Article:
Abused Abroad: South Asian Create Sisterhood Against Gender-Based Violence in the United States

South Asian Women

Written by: Geeya Patel 

If he beats you, he loves you,” a common phrase in the South Asian community used to justify and validate gender-based violence. With growing cases of gender-based violence in the community and even greater suicides caused by the issue of gender-based violence, the South Asian community has begun to find comfort in sisterhood, support groups, and the evergrowing number of South Asian Women Organizations. 

History of Movements

Gender-based violence is nothing new in the United States, but the fight against it in South Asian communities has evolved over time, through efforts from organizations and support groups. With active awareness and understanding of the cultural norms which shape this ideology, support groups and organizations are coming together to create trainings and fundraisers to help these women stand up for themselves, as well as be able to support themselves when the women leave their husband’s home. 

The rise of South Asian women’s movements began in the early eighties and nineties, when migration was avidly present in the United States. Many women who came to the country with their significant other had left their support system behind in order to start a new life. Many stigmas around domestic violence, menstruation, and street harassment followed across the nation and was further perpetuated in various forms of gender-based violence. With these considerations, many women had no one to support them when they faced gender-based violence. This isolation prompted South Asian Women’s Organizations (SAWOs) to grow over time, in order to create a sense of supporting sisterhood for individuals who faced gender-based violence. This sisterhood slowly developed in New Jersey with the SAWO group, Manavi and became national, with multiple organizations forming over the years such as Saheli, Raksha, and Narika


Although women are less likely to report gender-based violence due to fear of further abuse, the numbers in which certain abuse is reported is still quite frightening. 30% of women in India face sexual or physical abuse from their partners, while this number rises to approximately 50% in Bangladesh. 96% of Indian and Pakistani women from a group of 56 in San Francisco reported being abused by their partners. These are only some of the statistics which are reported by older South Asians; recent research has shown that the younger generation is more likely to report and confront their abusers.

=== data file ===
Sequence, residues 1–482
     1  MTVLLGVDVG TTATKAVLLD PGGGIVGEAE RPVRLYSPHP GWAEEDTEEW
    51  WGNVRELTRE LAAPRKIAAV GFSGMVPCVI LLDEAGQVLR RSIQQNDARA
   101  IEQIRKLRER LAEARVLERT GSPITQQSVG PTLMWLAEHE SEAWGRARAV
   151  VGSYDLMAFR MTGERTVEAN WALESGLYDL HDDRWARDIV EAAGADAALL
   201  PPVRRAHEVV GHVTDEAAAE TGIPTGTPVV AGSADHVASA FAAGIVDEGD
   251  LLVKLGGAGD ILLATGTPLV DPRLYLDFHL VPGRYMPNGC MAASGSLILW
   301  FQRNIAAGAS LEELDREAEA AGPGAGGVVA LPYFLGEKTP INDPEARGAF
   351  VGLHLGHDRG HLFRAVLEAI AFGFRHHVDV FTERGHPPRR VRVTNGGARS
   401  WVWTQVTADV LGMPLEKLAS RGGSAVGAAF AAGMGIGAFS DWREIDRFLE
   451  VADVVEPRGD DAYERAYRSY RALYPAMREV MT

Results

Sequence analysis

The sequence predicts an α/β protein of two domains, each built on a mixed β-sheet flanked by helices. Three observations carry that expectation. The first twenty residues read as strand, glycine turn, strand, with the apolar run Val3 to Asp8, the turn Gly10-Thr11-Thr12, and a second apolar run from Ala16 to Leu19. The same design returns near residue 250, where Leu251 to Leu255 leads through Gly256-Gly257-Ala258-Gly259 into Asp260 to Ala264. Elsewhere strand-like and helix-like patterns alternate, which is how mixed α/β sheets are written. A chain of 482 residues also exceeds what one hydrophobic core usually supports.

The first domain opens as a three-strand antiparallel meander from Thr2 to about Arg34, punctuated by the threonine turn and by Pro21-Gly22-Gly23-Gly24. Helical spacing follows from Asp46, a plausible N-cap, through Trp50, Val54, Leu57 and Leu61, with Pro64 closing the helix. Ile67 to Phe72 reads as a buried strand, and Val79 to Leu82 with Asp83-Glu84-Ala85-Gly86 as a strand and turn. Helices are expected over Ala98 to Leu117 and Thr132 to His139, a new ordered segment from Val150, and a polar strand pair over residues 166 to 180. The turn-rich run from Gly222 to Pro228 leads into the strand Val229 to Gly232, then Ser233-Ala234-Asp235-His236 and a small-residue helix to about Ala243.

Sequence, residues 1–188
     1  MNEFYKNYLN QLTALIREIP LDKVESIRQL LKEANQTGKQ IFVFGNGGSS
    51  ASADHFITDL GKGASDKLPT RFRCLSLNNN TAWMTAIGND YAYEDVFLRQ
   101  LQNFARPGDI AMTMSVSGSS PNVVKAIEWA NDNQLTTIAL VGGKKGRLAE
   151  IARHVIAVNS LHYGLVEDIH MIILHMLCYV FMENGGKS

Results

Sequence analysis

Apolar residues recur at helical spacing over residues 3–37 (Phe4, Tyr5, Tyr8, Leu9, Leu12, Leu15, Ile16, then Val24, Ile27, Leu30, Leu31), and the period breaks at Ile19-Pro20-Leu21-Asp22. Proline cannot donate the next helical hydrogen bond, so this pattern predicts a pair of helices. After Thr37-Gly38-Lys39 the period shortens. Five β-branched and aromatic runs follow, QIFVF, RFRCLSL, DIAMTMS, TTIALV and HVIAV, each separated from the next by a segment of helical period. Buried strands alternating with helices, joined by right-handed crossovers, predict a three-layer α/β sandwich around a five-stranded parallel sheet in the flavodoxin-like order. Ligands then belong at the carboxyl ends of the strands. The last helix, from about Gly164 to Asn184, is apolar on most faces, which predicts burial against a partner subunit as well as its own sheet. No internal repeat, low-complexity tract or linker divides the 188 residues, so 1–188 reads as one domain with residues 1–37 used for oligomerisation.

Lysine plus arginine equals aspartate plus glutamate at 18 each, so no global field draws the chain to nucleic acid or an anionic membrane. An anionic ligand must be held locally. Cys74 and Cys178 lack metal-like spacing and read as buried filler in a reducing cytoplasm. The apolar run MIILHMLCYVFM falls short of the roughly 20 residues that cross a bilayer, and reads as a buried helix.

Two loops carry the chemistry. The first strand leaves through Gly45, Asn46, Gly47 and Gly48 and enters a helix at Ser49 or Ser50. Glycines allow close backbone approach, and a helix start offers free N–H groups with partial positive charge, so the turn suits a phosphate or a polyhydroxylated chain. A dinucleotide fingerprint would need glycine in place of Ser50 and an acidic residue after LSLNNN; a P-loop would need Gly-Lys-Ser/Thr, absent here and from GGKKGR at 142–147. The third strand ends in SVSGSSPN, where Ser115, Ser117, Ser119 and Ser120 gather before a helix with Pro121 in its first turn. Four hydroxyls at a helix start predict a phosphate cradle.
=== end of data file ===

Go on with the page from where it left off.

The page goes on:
How to Help 

With the increase in the number of South Asian communities in the United States, the need for support groups that can create a relatable and safe environment for victims of gender-based violence is essential. Much of the gender-based violence which is perpetuated in the community is through a culmination of cultural norms which have existed for years and must be dismantled in order to create progress. This progression can be done through trainings and workshops for the community. It is also crucial to provide funding and resources to the South Asian Women Organizations which are trying to protect and provide for victims of gender-based abuse so they can keep providing aid and support as necessary. The SAWOs mentioned in this story have a link attached to their name where you can go to their main page for more information or ways to get involved. 

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